This article needs additional citations for verification. (January 2014) (Learn how and when to remove this template message)
Meir Eisenstaedter (Meir ben Judah Leib Eisenstädter, 1780-1852) was a nineteenth-century rabbi, Talmudist, and paytan (liturgic poet). He is best known as the author of Imre Esh (Words of Fire), the collection of his responsa published by his son in 1864.
Eisenstaedter was also known as Maharam Asch (a Hebrew acronym for "Morenu ha-Rav Meir Eisenshtadt" meaning "our teacher, Rabbi Meir Eisenstadt"), Meir Gyamath, and Meir Ungvar after his later rabbinates.
Eisenstaedter studied at the Mattersdorf yeshiva in Nagymarton, Burgenland under Moses Schreiber, a renowned rabbi who later became the chief rabbi of Pressburg (Pozsony, now Bratislava in Slovakia). In his youth Eisenstaedter moved to Eisenstadt (Kismarton), from which he took his name.
Eisenstaedter was called to the Baja rabbinate in 1807, where he directed a large yeshiva. He was the intimate friend of Rabbi Götz Schwerin Kohn, who later became the Chief Rabbi of County Bács. When Schwerin's father-in-law was ruined, forcing Schwerin to seek a rabbinate, Eisenstaedter voluntarily reassigned to him the office at Baja, and on the recommendation of the Chatam Sofer, obtained a position for himself at Balassagyarmat, where he served between 1815 and 1835. In 1835 he moved to Ungvár, where he held the position of the Chief Rabbi at a large yeshiva until his death.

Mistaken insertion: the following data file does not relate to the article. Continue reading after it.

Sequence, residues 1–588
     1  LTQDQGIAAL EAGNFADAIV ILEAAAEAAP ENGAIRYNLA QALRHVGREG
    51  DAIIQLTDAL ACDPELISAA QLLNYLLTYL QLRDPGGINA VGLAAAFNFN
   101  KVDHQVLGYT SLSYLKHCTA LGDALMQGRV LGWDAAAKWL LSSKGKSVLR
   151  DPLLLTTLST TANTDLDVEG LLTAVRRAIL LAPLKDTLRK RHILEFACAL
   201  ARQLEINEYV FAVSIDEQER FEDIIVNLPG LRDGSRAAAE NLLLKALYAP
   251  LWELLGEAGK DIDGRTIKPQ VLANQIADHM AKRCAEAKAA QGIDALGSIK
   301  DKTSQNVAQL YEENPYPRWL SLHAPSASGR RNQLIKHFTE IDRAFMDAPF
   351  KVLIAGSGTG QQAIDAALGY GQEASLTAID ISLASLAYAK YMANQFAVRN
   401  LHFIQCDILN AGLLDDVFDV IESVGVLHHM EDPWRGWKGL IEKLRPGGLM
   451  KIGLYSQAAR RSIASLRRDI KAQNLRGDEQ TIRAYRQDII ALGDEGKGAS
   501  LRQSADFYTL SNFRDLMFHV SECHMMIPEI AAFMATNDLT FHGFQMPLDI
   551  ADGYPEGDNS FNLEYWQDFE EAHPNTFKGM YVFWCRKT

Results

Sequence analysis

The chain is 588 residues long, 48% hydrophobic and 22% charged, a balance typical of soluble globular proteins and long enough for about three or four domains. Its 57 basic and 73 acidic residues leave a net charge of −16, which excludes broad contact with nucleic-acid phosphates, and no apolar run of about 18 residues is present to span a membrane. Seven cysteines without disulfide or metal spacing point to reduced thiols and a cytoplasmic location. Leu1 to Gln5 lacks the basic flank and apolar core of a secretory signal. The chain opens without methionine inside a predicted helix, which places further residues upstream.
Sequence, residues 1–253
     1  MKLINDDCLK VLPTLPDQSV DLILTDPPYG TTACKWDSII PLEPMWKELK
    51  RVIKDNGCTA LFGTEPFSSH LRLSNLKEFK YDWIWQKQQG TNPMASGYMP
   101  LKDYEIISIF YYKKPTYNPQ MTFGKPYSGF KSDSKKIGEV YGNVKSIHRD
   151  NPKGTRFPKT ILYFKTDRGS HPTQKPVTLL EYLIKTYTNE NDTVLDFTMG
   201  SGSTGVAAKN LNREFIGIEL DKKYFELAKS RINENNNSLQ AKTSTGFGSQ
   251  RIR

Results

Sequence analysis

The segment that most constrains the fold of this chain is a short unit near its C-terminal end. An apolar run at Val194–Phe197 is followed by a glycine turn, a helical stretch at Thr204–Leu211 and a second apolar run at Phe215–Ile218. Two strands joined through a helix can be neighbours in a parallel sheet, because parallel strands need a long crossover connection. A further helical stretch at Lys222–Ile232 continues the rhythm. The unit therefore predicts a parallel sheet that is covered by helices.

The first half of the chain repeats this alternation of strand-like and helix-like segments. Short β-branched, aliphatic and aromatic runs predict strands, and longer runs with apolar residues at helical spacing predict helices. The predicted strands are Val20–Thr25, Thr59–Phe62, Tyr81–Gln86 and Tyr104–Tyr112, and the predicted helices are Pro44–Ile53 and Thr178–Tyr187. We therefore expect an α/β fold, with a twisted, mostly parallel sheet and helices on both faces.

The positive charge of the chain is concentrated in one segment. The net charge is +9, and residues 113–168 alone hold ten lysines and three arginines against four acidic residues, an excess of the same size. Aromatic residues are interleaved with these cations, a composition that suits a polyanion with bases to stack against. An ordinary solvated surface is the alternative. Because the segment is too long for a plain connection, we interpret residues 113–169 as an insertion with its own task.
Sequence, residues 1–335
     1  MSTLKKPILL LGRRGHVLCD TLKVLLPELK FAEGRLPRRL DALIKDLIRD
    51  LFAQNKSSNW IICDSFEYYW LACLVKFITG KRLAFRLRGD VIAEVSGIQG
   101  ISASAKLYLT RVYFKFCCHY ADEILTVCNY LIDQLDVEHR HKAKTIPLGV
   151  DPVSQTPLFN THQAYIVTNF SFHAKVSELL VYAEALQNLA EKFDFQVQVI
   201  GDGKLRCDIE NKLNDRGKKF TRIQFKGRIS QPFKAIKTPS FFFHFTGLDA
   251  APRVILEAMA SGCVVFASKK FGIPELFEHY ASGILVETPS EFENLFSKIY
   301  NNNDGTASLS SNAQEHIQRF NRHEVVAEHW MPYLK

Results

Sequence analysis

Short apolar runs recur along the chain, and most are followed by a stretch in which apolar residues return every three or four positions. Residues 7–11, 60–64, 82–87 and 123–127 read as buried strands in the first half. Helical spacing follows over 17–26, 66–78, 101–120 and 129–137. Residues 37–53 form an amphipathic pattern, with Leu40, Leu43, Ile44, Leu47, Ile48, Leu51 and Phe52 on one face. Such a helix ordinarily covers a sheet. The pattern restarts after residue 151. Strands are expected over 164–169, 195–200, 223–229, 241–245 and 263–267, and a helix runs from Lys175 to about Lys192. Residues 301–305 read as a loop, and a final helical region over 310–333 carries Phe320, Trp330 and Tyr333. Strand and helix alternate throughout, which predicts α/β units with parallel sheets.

Eisenstaedter took an active part in the Hungarian Jewish communal life and many of the future rabbis of Hungary were his pupils. He vehemently opposed progressives who desired to introduce religious changes and reforms. The greatest rabbis of Hungary and Galicia including Solomon Kluger of Brody, Ḥayyim Halberstam of Neu Sandec (Nowy Sacz in Poland), and Simon Sofer of Cracow addressed their problems to him. Rabbi Shlomo Ganzfried, author of the Kitzur Shulchan Aruch served as dayan (rabbinic judge) during this time in Ungvár.
Eisenstaedter's major work is called Imrei Esh (Words of Fire). The title is a pun on the abbreviation of Eisenstadt, as E.S means "fire" in Hebrew. Imrei Esh contains his responsa (rabbinic answers to halachic, i.e. Jewish religious questions) and was published by his son in two parts. Imrei Yosher (Words of Honesty) consisted of sermons. and was published in Ungvár in 1864. Imrei Binah (Words of Wisdom) was a halachic novella about the Seders of Mo'ed and Nashim. It was published in 1866.
- Rabinowicz, Tzvi (2000). Hasidism in Israel: A History of the Hasidic Movement and its Masters in the Holy Land. Lanham, Maryland: Rowman & Littlefield. pp. 208–14. ISBN 978-0-7657-6068-5.